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http://dx.doi.org/10.1038/srep41544DOI Listing
http://www.ncbi.nlm.nih.gov/pmc/articles/PMC5269722PMC
January 2017

ChimPipe: accurate detection of fusion genes and transcription-induced chimeras from RNA-seq data.

BMC Genomics 2017 01 3;18(1). Epub 2017 Jan 3.

Centre for Genomic Regulation (CRG), The Barcelona Institute of Science and Technology, Dr. Aiguader 88, Barcelona, 08003, Spain.

Background: Chimeric transcripts are commonly defined as transcripts linking two or more different genes in the genome, and can be explained by various biological mechanisms such as genomic rearrangement, read-through or trans-splicing, but also by technical or biological artefacts. Several studies have shown their importance in cancer, cell pluripotency and motility. Many programs have recently been developed to identify chimeras from Illumina RNA-seq data (mostly fusion genes in cancer). However outputs of different programs on the same dataset can be widely inconsistent, and tend to include many false positives. Other issues relate to simulated datasets restricted to fusion genes, real datasets with limited numbers of validated cases, result inconsistencies between simulated and real datasets, and gene rather than junction level assessment.

Results: Here we present ChimPipe, a modular and easy-to-use method to reliably identify fusion genes and transcription-induced chimeras from paired-end Illumina RNA-seq data. We have also produced realistic simulated datasets for three different read lengths, and enhanced two gold-standard cancer datasets by associating exact junction points to validated gene fusions. Benchmarking ChimPipe together with four other state-of-the-art tools on this data showed ChimPipe to be the top program at identifying exact junction coordinates for both kinds of datasets, and the one showing the best trade-off between sensitivity and precision. Applied to 106 ENCODE human RNA-seq datasets, ChimPipe identified 137 high confidence chimeras connecting the protein coding sequence of their parent genes. In subsequent experiments, three out of four predicted chimeras, two of which recurrently expressed in a large majority of the samples, could be validated. Cloning and sequencing of the three cases revealed several new chimeric transcript structures, 3 of which with the potential to encode a chimeric protein for which we hypothesized a new role. Applying ChimPipe to human and mouse ENCODE RNA-seq data led to the identification of 131 recurrent chimeras common to both species, and therefore potentially conserved.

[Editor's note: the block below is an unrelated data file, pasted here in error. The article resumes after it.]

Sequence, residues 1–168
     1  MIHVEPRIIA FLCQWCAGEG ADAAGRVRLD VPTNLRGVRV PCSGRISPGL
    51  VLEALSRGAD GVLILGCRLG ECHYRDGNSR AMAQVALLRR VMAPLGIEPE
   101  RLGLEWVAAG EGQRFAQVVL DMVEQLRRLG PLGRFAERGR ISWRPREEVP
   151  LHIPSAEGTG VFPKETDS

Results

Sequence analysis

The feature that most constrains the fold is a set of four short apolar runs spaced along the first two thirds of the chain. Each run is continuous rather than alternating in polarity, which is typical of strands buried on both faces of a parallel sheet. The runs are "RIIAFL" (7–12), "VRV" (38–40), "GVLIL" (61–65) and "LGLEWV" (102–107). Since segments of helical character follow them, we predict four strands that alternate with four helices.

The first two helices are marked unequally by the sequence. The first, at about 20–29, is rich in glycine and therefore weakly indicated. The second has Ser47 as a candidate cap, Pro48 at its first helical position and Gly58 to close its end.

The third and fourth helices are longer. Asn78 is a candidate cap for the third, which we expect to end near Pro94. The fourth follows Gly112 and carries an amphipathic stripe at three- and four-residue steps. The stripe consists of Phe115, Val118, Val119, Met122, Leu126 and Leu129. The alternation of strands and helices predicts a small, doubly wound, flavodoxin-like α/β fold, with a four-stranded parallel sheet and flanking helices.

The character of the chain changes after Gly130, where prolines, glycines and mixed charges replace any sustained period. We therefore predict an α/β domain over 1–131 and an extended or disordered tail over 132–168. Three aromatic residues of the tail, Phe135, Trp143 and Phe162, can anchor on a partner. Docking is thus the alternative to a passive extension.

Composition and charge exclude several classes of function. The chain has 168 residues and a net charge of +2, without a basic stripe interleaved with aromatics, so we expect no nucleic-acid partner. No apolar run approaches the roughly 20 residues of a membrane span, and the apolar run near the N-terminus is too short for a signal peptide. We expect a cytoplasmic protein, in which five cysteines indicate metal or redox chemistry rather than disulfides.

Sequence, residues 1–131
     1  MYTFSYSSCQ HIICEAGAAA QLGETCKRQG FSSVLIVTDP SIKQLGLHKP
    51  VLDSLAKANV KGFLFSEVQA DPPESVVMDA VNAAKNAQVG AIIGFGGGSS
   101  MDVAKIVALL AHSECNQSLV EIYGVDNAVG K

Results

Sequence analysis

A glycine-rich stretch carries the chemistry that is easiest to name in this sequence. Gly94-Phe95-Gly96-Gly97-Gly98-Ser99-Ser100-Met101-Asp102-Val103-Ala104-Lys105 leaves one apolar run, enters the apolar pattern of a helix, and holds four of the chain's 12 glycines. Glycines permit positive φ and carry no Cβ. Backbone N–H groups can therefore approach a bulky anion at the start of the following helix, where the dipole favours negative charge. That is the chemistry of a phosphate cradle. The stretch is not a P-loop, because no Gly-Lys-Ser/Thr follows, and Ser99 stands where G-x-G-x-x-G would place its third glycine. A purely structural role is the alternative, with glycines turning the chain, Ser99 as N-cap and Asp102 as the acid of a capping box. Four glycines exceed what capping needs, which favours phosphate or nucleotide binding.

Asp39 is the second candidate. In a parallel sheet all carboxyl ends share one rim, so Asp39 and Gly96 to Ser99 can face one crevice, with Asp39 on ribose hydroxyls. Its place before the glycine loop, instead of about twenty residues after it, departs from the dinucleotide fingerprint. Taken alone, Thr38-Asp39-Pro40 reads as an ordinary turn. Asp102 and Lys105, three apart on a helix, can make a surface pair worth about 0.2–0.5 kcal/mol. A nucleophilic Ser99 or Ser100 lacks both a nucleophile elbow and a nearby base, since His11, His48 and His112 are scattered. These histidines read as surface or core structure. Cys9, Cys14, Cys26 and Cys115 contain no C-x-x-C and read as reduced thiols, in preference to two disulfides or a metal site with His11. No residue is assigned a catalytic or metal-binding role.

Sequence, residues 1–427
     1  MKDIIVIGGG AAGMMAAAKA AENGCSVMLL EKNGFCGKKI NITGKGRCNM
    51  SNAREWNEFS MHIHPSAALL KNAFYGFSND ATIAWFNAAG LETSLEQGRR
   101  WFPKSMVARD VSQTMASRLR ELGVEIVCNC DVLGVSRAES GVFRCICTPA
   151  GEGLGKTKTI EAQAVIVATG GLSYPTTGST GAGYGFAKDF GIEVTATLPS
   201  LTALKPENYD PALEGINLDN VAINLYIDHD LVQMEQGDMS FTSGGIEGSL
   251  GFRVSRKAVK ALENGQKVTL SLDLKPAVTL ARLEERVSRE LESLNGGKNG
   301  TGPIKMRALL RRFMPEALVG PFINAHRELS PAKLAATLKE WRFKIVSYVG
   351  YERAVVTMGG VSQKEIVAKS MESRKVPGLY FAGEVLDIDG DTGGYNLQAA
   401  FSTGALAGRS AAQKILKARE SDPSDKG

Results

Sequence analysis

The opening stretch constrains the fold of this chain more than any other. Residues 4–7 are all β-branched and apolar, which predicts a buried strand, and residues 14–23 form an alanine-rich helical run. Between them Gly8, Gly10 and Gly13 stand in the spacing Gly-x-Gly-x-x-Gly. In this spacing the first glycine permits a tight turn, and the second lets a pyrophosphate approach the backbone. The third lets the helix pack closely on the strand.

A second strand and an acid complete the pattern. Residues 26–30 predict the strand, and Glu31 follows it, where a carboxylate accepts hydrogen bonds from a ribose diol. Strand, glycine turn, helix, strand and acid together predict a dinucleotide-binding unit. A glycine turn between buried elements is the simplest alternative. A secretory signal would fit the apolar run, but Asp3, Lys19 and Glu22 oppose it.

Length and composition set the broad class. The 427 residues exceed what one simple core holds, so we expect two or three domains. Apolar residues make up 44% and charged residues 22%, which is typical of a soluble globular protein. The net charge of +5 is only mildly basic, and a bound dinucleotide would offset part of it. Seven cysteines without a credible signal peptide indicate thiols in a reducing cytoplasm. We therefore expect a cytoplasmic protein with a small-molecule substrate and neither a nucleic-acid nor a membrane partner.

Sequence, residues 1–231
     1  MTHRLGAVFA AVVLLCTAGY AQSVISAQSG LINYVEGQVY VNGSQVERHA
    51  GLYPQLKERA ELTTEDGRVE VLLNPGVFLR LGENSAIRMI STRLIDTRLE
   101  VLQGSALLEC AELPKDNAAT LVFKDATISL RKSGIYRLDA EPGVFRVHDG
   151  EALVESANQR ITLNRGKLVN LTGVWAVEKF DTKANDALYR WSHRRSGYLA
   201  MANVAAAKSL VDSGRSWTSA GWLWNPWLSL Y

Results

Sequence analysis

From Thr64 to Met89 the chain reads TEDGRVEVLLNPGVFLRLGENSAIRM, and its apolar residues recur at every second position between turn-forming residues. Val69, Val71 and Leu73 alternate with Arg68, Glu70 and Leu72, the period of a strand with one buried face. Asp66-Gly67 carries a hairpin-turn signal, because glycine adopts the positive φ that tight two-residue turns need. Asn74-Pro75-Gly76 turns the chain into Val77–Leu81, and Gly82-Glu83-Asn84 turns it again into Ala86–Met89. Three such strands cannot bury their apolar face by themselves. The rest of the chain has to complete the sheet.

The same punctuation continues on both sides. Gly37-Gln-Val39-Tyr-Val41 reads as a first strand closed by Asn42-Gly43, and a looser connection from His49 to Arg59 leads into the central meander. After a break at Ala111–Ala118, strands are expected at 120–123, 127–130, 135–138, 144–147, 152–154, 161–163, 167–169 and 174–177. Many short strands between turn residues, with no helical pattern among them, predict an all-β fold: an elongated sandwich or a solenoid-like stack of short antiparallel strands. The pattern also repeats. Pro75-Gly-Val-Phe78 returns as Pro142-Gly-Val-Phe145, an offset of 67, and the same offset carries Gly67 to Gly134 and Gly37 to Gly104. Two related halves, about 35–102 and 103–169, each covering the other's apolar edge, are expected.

Conclusions: ChimPipe combines discordant paired-end reads and split-reads to detect any kind of chimeras, including those originating from polymerase read-through, and shows an excellent trade-off between sensitivity and precision. The chimeras found by ChimPipe can be validated in-vitro with high accuracy.
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http://dx.doi.org/10.1186/s12864-016-3404-9DOI Listing
http://www.ncbi.nlm.nih.gov/pmc/articles/PMC5209911PMC
January 2017

The impact of Docker containers on the performance of genomic pipelines.

PeerJ 2015 24;3:e1273. Epub 2015 Sep 24.

Bioinformatics and Genomics Program, Centre for Genomic Regulation (CRG) , Barcelona , Spain ; Universitat Pompeu Fabra (UPF) , Barcelona , Spain.

Genomic pipelines consist of several pieces of third party software and, because of their experimental nature, frequent changes and updates are commonly necessary thus raising serious deployment and reproducibility issues. Docker containers are emerging as a possible solution for many of these problems, as they allow the packaging of pipelines in an isolated and self-contained manner. This makes it easy to distribute and execute pipelines in a portable manner across a wide range of computing platforms. Thus, the question that arises is to what extent the use of Docker containers might affect the performance of these pipelines. Here we address this question and conclude that Docker containers have only a minor impact on the performance of common genomic pipelines, which is negligible when the executed jobs are long in terms of computational time.